Ashleigh Lawrence-Sanders, University of Dayton
A Woman’s Work: Black Women, the Press, and Civil War Memory during the 1950s
This conference paper explores the role of black women in promoting Civil War memory as tools of empowerment in the modern Civil Rights Movement struggle. Using their local newspapers, Edna Knapper of Chambersburg, PA and Zadie Jones of Tuscaloosa, Alabama pushed the oral traditions from segregated spaces to the forefront of public consciousness by publishing a series of articles. Knapper, an educator and descendant of one profiled family, published a series of articles about prominent black Chambersburg residents in the mainstream newspaper in 1956. She hoped that this memory would encourage activists in their struggle against persistent discrimination endured in the Pennsylvania-Maryland border community. Likewise, Jones, an educator and descendant of the profiled individual, wrote a two-part biographical sketch of Jeremiah Barnes for The Alabama Citizen, a black newspaper published in Tuscaloosa. Jones hoped that black Tuscaloosans would employ this collective memory in their demands for a more inclusive public commemorative landscape that recognized their emancipationist tradition. As the preservers of black Civil War memory, this conference paper argues that these black women played an essential role. They exploited the persistent oral tradition, the press, and national Civil Rights Movement for advancing Civil War memory as a tool in struggle for achieving social justice.
Hilary Nicole Green, University of Alabama
Remembering and Remaking Freedom: African American Memories of Civil War Childhoods, 1910–1940
From 1910—1940, black members of the generation who had grown up during the Civil War invoked memories of their childhoods to emphasize the importance of emancipation. In the context of such momentous events as World War I, the Great Migration, and the Great Depression, this group fought to preserve memories of the Civil War as a war for black freedom using memoirs, newspaper stories, and oral histories. In these remembrances, linking childhood and emancipation served two purposes. First, it lent authority to the stories told by members of “freedom’s generation”: increasingly members of this group were the last people alive who had first-hand experience of the conflict, and their memories thus came to be seen as extremely valuable. Second, recalling childhood and emancipation together drew attention to family as a key site for constructing and preserving ideas of freedom outside of electoral politics. While accounts of those who had grown up during the war often highlighted the importance of institutional political rights, by emphasizing childhood experiences, these narratives broadened understandings of the possibilities of freedom to include considerations of everyday life, bodily autonomy, and the value of family and kinship. In addition, African Americans who remembered Civil War childhoods in an era when disenfranchisement remained rampant emphasized the role of young people as political actors. This range of ideas both resisted and circumvented dominant narratives in order to preserve hope for the futures of young people in the often difficult moment of the present.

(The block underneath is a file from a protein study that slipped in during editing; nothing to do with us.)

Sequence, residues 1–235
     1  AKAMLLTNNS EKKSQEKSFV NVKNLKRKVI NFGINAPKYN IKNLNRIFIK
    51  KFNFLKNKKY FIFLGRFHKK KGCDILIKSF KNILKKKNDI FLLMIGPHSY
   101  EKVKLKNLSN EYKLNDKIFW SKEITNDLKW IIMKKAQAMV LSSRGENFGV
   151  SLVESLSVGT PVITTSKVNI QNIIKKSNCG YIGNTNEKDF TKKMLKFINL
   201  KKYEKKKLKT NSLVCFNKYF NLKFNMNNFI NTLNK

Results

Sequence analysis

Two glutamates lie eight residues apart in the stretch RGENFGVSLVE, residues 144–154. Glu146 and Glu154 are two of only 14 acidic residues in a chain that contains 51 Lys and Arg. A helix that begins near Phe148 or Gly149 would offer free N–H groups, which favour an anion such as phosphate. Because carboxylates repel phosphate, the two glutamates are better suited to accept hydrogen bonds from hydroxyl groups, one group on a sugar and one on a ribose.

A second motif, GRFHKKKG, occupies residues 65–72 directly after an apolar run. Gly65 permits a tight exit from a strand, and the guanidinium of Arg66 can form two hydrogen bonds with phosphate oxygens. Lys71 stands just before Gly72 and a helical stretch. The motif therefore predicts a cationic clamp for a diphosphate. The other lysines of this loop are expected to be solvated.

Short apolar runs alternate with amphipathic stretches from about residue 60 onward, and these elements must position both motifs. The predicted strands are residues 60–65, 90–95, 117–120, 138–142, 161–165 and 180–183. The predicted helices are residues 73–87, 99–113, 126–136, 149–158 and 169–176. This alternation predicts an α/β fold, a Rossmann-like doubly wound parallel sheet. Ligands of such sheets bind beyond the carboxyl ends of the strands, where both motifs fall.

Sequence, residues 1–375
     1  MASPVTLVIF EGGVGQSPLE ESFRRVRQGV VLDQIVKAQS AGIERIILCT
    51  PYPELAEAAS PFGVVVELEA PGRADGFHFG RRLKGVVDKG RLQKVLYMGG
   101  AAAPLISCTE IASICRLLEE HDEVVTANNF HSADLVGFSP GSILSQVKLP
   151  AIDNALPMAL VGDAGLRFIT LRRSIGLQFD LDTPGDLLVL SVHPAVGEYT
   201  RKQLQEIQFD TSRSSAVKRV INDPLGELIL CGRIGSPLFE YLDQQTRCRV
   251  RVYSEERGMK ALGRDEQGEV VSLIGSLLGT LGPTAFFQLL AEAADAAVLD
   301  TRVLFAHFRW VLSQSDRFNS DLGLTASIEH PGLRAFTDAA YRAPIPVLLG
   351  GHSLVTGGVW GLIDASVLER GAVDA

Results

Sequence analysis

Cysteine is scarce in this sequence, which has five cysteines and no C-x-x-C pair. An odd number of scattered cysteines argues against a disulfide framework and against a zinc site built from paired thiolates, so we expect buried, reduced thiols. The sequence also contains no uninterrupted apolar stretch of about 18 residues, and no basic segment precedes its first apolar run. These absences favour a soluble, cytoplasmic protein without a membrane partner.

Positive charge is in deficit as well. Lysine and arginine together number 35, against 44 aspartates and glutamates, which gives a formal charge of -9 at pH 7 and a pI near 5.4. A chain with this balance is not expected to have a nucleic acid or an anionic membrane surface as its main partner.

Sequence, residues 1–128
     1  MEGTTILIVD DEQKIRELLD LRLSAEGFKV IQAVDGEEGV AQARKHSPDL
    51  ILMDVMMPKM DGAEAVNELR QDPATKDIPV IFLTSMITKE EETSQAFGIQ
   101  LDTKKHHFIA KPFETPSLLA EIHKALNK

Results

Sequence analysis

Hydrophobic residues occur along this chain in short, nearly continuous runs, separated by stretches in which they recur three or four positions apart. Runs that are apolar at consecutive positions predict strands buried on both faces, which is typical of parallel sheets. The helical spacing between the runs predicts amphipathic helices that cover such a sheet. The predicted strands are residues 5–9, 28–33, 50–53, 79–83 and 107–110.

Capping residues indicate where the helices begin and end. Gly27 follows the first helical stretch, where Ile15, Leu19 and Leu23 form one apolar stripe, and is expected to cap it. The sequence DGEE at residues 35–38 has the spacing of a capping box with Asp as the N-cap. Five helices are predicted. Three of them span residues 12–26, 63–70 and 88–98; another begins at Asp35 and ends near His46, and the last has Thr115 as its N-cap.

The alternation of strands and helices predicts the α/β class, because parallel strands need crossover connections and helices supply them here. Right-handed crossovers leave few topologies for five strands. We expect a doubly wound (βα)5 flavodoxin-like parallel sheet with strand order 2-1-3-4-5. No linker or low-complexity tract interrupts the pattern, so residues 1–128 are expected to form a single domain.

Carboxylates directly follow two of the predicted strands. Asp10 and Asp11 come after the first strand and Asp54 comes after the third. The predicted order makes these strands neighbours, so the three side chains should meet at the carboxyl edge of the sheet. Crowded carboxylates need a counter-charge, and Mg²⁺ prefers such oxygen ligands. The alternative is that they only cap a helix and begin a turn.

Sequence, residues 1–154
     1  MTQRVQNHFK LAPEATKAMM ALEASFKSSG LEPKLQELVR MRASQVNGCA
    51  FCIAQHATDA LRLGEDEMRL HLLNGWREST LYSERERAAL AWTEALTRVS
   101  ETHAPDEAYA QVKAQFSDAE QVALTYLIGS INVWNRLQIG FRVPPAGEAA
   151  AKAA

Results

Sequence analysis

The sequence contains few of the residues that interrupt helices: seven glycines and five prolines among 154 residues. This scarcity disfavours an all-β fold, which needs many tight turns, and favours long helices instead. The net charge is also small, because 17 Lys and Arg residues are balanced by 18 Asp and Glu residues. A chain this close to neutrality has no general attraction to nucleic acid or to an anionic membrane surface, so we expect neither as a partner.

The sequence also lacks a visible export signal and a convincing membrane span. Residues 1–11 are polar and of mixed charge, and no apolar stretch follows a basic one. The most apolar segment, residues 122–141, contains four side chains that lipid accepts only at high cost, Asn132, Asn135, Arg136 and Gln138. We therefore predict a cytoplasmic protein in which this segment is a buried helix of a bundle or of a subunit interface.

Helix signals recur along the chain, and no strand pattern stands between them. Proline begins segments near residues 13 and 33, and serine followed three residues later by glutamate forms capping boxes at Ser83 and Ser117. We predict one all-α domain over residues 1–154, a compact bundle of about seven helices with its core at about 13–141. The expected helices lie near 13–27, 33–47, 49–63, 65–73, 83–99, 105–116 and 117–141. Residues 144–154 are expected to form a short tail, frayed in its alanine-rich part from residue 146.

Ben Davidson, Saint Michael's College
Chair: Thavolia Glymph, Duke University
Thavolia Glymph is professor of history and law at Duke University, a faculty research scholar in the Duke Population Research Institute (DuPRI), and a faculty affiliate in the Program in Gender, Sexuality, and Feminist Studies. Her research focuses on the nineteenth century South. She is the author of Out of the House of Bondage: The Transformation of the Plantation Household (Cambridge University Press, 2008), a Philip Taft Book Prize winner and finalist for the Frederick Douglass Book Prize and The Women’s Fight: The Civil War’s Battles for Home, Freedom, and Nation (University of North Carolina Press, forthcoming, February 2020). She is co-editor of two volumes of the prize-winning series Freedom: A Documentary History of Emancipation, 1861-1867 (Cambridge University Press) and has authored numerous articles and essays including “Rose’s War and the Gendered Politics of a Slave Insurgency in the Civil War” which won the George and Ann Richards Prize for the best article published in The Journal of the Civil War Era in 2013. She is currently completing two book manuscripts: African American Women and Children Refugees: A History of War and the Making of Freedom in the Civil War, (supported by a grant from the NIH) and Playing “Dixie” in Egypt: White Civil War Veterans in the Egyptian Army and Transnational Transcripts of Race, Empire, and Citizenship, 1869-1882.